Can We Talk, Chicago Med? 

I’m loving this inclusion and casting of Dr. Latham. However, a colleague in autism brought up a very good point in the storytelling. There is a troubling thing about the narrative, which I think ought to be reconsidered as well as my colleague: the cure narrative. While the cure narrative is the most common in the autism media universe, it is not one which most autistic adults refer to in living. There is a lot of trouble in pushing the cure narrative.

As for one, autism, as it stands today, cannot be cured. There is no cure known for autism. As for Dr. Latham’s radical treatments, they are fine to some extent. But why not show some of the side effects? I like that the treatment Dr. Latham is receiving is shown as temporary or needing to continue. I think we need to continue with that aspect.

2- I think I need to stop for a second and express a point here. There is also a big, foul prejudice reeking in the narrative that we need to address: ableism. Ableism, by definition, is adding stigma to a perceived lack of ability. As I have defined before, adding stigma to the perceived lack of communication is wrong. Even the language, “lack of” being the focus here, adds stigma to autism and other disabilities. It’s as if you have to experience things exactly as the neurotype in power, and all others is wrong and a tragedy. Autism is not a tragedy! The trouble is, there are scared, desperate autism parents looking at this show, hoping to find some answer to “fix” their “broken” child. They turn to risky, strange and even abusive treatments to do this “fixing.” And when those treatments do not work, the child might be permanently scarred, or even killed in some cases. Also, there are broken relationships, running away and suicide to consider. Is it any wonder very few autistic people talk to their families of origin unless forced to? What is there except autism acceptance?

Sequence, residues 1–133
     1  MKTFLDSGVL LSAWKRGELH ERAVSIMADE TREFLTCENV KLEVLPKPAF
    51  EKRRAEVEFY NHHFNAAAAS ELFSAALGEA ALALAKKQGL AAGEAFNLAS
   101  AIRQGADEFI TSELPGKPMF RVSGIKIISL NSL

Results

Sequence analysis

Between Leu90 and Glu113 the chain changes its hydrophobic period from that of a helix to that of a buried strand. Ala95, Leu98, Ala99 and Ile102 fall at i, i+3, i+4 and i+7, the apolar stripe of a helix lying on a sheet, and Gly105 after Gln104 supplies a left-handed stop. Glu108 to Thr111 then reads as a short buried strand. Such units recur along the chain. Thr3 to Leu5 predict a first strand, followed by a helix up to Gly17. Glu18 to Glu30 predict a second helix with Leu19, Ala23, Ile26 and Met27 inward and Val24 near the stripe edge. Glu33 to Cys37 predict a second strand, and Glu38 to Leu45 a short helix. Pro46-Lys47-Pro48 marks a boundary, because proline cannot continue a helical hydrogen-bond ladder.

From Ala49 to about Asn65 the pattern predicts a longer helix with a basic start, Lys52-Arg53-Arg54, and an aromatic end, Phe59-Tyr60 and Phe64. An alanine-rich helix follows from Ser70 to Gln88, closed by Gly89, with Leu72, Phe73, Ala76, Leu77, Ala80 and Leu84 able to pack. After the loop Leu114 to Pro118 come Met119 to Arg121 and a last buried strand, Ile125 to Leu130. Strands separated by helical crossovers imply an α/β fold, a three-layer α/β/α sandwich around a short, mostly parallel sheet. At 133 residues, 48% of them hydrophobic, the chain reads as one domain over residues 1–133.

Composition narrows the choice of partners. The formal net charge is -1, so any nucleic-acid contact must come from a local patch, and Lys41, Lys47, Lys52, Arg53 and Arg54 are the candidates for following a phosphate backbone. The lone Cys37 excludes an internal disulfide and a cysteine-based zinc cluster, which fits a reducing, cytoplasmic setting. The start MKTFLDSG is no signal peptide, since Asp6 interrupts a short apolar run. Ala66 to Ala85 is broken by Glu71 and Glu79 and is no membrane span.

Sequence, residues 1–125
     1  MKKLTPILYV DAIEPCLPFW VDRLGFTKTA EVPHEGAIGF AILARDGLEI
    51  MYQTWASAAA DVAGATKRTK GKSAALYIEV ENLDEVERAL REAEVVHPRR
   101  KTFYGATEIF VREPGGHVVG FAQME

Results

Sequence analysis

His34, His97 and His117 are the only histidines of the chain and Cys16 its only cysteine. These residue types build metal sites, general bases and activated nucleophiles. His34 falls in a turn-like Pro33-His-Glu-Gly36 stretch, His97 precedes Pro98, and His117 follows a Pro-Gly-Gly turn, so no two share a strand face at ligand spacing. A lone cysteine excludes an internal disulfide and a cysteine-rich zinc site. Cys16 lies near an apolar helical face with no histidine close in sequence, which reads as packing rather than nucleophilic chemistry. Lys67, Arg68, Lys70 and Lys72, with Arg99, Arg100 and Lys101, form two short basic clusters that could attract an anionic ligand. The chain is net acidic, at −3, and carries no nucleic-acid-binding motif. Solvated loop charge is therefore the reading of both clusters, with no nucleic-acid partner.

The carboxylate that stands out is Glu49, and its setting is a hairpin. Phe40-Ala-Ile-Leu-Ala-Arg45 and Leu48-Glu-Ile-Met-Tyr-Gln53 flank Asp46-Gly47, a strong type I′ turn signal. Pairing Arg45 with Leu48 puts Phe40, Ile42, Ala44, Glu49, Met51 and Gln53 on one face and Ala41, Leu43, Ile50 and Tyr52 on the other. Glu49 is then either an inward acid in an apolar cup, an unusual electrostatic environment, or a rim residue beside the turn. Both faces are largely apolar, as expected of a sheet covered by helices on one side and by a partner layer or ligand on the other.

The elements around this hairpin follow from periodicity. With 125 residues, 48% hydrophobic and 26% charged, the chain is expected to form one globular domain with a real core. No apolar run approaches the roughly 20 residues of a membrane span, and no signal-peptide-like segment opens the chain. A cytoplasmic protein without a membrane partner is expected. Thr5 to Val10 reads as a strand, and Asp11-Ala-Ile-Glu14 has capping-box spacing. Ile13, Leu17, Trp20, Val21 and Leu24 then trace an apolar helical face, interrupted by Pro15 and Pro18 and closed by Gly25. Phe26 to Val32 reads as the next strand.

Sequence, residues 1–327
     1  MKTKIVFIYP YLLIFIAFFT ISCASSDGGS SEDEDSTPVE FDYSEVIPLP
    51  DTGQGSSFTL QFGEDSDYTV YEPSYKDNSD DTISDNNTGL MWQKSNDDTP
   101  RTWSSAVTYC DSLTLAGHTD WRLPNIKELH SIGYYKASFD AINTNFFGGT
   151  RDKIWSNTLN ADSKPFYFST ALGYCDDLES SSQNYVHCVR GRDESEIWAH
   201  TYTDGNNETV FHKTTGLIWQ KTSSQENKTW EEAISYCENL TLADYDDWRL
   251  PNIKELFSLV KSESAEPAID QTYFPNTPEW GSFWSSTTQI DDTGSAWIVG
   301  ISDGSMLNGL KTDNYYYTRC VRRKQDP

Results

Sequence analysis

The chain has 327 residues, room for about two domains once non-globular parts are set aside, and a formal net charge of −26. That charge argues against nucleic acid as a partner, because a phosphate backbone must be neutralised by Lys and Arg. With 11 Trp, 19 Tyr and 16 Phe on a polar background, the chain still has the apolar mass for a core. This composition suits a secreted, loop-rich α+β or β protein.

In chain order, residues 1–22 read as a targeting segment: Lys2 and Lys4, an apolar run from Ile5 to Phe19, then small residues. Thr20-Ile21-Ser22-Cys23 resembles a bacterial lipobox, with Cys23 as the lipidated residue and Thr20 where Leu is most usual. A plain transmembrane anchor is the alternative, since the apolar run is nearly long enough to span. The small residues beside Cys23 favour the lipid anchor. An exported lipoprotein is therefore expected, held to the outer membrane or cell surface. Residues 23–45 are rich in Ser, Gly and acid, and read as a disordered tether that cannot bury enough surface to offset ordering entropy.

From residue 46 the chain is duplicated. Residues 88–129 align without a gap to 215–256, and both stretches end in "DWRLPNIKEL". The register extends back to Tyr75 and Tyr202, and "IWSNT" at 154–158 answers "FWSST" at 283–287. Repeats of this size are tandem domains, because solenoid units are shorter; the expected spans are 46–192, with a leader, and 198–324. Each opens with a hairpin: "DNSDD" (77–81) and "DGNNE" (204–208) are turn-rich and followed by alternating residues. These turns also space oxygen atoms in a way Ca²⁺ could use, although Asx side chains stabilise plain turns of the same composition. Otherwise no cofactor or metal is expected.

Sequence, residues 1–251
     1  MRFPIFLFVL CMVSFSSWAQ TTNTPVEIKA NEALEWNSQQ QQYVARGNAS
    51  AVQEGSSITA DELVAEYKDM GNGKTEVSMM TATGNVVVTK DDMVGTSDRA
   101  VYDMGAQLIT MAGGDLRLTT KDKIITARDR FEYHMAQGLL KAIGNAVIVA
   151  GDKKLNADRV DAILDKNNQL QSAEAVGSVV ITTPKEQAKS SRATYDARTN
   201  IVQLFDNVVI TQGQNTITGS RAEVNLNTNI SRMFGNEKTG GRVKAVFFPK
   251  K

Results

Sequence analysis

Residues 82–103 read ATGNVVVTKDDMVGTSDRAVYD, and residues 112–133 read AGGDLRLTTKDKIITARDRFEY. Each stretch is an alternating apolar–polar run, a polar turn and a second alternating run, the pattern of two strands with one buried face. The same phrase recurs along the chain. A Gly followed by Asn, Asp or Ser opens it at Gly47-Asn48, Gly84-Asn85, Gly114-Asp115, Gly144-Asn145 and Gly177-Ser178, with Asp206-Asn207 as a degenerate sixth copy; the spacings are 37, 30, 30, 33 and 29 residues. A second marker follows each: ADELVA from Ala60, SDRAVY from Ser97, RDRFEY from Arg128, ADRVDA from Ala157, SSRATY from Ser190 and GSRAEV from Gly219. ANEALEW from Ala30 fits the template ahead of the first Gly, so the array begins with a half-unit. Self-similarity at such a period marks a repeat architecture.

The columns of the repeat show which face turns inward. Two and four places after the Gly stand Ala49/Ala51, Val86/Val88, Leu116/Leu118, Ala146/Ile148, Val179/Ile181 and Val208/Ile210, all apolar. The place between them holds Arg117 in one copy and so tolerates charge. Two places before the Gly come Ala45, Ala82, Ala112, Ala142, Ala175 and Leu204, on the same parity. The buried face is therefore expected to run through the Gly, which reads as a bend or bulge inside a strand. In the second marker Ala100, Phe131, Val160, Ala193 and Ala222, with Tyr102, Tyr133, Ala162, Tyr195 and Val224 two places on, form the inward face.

I’ve got a question: Why not consult real autistic adults on their struggles and triumphs? Have you even considered that autistic adults are real people, with real opinions, real knowledge and real experience? Or are we still complete morons in your eyes? So, what about it, Chicago Med? Is Dr. Latham a moron? That is what you say if you do not consider a viewpoint from real life autistic adults.


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Autistic woman in her 40s, bringing attention to issues that affect her and her kind.

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